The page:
Keepsakes Worth Keeping

You may love your great-grandma’s 100 hundred-year-old set of Limoges China, but don’t plan on retiring on it. This dishy bit of information was shared by antiques appraiser Mark Metts of My Nanna’s Estate Sales, who I recently met at a Jewish Pavilion “Antiques Roadshow Style” luncheon. Metts shared that the bottom fell out of the antique’s market with the recent recession, and does not appear to have a silver lining (However, he did share that silver is one of the few items that has retained its value).

Instead of china, estate sale shoppers became interested in more practical, usable items like bargain priced lightly used, every-day tableware. So where does the value lie in our old keepsakes and heirlooms? Metts explains that the real value is in the memory. He noted, “Love, treasure, and USE your keepsakes, for most, the true value is the story of the loved one that passed it on.”

At the same luncheon, Sandi Saft (1st photo) learned that her grandmother’s elegant handkerchief side table (named for foldable corners) that was also over 100 years-old, had lost a good deal of its financial value over the last several years. Saft was undaunted by the pricing information. For her, the value was in the remembrance of her grandmother as an elegant lady who made every occasion special, with a place and use for everything. Metts pointed out the table’s beautiful craftsmanship, and the functioning moving parts that worked perfectly, built from a time when things were built to last.

So back to the china (2nd photo, with the lovely Dottie and Elise)…when I was a little girl, my mother displayed her grandmother’s tea set on a coffee table along with these small doll-sized cups that I later learned were called ‘demitasse’ (French for ½ cup) that were meant for espresso. I was very attracted to these pretty child-sized cups, but I was told they were very old, and too delicate for little hands. My mother stepped up to the plate, sharing that one day this set would belong to me, because I could see its true value.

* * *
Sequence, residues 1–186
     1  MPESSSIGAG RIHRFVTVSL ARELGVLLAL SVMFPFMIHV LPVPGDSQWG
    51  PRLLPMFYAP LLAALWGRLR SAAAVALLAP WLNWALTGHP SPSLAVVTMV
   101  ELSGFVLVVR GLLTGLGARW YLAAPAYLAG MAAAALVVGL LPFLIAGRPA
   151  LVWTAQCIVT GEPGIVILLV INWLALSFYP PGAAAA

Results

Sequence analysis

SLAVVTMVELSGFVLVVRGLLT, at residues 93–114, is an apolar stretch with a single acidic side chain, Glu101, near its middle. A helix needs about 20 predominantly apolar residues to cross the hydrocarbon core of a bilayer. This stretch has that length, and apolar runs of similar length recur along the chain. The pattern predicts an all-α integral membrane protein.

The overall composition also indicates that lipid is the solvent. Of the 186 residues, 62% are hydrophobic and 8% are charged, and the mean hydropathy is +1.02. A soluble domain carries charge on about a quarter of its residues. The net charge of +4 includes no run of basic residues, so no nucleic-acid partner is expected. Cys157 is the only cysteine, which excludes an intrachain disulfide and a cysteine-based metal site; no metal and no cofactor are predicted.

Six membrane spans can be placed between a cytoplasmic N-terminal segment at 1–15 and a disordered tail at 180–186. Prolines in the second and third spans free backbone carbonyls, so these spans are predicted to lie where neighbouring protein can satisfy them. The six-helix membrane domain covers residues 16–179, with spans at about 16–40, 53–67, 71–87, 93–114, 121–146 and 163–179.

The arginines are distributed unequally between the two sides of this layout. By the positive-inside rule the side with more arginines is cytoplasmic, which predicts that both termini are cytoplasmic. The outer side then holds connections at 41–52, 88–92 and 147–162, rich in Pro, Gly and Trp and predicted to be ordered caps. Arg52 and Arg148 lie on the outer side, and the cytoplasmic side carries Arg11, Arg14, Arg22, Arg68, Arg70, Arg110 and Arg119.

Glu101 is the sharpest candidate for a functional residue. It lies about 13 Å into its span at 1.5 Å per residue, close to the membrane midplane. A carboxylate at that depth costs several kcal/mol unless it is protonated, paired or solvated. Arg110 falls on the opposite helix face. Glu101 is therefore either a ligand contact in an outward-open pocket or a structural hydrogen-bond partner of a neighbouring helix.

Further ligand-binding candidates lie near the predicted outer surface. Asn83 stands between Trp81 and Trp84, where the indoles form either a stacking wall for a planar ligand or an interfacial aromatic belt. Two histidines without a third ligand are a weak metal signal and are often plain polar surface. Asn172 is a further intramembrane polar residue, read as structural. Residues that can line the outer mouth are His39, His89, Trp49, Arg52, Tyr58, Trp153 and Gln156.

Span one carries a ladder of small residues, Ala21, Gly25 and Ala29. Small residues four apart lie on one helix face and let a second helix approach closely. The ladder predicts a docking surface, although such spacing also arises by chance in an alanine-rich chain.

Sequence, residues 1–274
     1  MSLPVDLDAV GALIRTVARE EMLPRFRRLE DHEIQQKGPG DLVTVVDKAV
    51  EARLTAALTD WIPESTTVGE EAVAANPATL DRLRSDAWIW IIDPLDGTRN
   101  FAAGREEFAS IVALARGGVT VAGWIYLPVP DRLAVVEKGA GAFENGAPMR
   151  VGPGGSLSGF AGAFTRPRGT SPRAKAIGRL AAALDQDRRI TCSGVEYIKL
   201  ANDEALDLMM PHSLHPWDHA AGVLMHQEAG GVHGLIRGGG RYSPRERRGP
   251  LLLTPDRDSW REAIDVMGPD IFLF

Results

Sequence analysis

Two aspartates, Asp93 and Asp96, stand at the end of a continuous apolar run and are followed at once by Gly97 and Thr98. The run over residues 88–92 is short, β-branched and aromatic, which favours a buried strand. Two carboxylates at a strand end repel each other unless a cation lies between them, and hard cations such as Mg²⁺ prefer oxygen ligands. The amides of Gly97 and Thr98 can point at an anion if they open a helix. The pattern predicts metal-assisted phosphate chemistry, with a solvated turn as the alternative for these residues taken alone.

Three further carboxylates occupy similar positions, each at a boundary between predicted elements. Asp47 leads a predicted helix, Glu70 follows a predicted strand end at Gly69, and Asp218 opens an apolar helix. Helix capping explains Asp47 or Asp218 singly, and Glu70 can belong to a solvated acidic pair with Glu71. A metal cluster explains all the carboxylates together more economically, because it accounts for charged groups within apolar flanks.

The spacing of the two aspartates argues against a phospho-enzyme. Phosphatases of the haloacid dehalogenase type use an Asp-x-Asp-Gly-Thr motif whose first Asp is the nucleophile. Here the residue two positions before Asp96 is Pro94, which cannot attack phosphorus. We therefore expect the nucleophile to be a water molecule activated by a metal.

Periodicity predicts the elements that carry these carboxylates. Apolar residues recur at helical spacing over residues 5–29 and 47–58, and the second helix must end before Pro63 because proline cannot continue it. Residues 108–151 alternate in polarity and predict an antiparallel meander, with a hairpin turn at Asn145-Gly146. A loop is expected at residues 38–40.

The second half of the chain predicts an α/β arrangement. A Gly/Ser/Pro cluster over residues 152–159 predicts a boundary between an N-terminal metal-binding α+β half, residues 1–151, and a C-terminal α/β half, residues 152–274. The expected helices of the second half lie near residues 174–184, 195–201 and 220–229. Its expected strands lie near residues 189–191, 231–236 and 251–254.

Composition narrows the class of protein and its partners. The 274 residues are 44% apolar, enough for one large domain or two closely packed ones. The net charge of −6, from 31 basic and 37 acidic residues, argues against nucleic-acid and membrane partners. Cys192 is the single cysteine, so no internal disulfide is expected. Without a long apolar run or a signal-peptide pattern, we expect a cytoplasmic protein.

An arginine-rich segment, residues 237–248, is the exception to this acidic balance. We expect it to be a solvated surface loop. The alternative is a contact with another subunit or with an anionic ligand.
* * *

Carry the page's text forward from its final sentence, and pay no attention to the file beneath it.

Slowly, one by one, each cup came into my possession, and later when my mother suddenly needed medical care and assistive living, the whole set became mine in one fell swoop (My china cup runneth over!). I spent quite a bit mailing the china across the country to my home in Orlando from the Chicago area UPS store, where they packed and shipped the fragile century-old plates in bubble wrap and shipping peanuts tightly enough to last into the next century. After visiting EBay, I can share that I spent more shipping the china than it is worth on the open market. However, I can still remember oohing and ahhing over these pretty dishes throughout my life, and I look forward to passing each cup and plate down to my own daughter.

According to Sharon Germaine, also of My Nanna’s Estate Sales, each year 66,000 Americans downsize as they grow older. With each estate sale and online auction listing, more vintage and antique objects are available at the click of a button. Not only are values lower, but interest level is lower, too. Germaine shares, “Love and use your objects, because the next generation probably doesn’t want them.”

As much as I love the china, two years after receipt, it is still neatly packed in the original UPS box. This year, I plan on using at least part of the set for the next big holiday. If not, I have promised my husband that this heirloom will be sent packing, once again. To make sure I keep my word, I have already started unwrapping this box of memories stemming all the way back from my great-grandmother. It is too much of a treasure to Pass-over.

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